FILE PHOTO: A U.S. dollar banknote featuring American founding father Benjamin Franklin and a China's yuan banknote featuring late Chinese chairman Mao Zedong are seen among U.S. and Chinese flags in this illustration picture taken May 20, 2019.
(Photo: REUTERS/Jason Lee/Illustration/File Photo)

China appears willing to endure an economic downturn to ensure the defeat of President Donald Trump in the 2020 election. The goal: a better trade deal under a new Democratic Party president.

"Many investors have expressed the view that China is prepared to accept an economic downturn (and thus a global economic downturn) to prevent President Trump's reelection," according to Naka Matsuzawa, Nomura's chief rates strategist.

Global investors are increasingly warming to this view, which seems to explain China's recent countermeasures to Trump's new tariff pressures. Among these countermeasures is its decision a few days ago to no longer buy U.S. soybeans, which are grown mostly in states that strongly supported Trump in the 2016 presidential election.

American soybean farmers have been hurting since China scaled back purchases in 2018 in response to Trump's first set of tariffs. China's decision to no longer purchase U.S. soybeans ratchets-up the already immense pain being experienced by Trump voters among soybean farmers and the industries that support them. China could extend this fame to producers of other agricultural products.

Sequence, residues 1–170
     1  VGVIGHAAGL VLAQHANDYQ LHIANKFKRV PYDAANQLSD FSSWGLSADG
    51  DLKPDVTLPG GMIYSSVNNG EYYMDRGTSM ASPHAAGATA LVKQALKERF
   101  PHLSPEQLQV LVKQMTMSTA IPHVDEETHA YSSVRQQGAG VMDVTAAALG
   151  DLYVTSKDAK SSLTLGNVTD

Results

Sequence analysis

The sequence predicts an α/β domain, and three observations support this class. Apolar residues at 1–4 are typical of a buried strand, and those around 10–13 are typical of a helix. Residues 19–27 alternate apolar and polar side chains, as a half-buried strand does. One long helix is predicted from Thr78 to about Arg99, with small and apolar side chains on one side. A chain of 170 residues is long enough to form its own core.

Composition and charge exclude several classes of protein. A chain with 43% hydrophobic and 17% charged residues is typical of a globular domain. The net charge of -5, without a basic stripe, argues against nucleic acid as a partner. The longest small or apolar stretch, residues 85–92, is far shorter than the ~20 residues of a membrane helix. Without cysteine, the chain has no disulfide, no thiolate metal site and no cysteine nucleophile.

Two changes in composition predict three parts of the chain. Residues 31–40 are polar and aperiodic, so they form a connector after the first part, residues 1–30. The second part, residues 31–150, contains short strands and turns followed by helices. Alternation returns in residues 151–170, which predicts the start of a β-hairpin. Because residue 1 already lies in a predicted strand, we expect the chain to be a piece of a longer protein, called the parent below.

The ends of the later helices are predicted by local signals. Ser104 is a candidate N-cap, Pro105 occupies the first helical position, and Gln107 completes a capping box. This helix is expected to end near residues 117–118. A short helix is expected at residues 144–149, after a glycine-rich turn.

"(China) could also further curb purchases of  (other) agricultural goods, possibly as a means of undermining Trump's support base among rural voters ahead of the November 2020 presidential election," believes Mark Haefele, UBS' global chief investment officer.

China's "weaponization" or devaluation of the yuan on Monday put Trump on notice China will resort to a currency war if pushed into it by the U.S. president. This move brought about the expected designation of China as a currency manipulator by the Trump administration.

This devaluation is fraught with consequences since the devaluation might lead to an exodus of capital. It does, however, hurt U.S. exporters by making the dollar stronger and U.S. exports more expensive and less competitive abroad. Trump has repeatedly protested the strong dollar

"China might be tempted to wait for a change of leadership in Washington," said David Bianco, DWS Group's chief investment officer in a note to investors. "If necessary, China might react with targeted measures designed to endanger Trump's re-election, even at the risk of collateral damage to the global economy and financial markets."

China is adding further pressure on Trump's supporters among the business community by not categorically ruling out a reduction in the benchmark interest rate of RMB loans and deposits of financial institutions. The People's Bank of China said these rumors are untrue but analysts said the PBOC's denial might have been a factor in global equities again falling on Wednesday.

China's "Beat Trump" strategy might backfire if Trump wins re-election. Poll after poll, however, shows him losing to former vice president Joe Biden, but polls remain suspect since Trump was in this same position in 2016.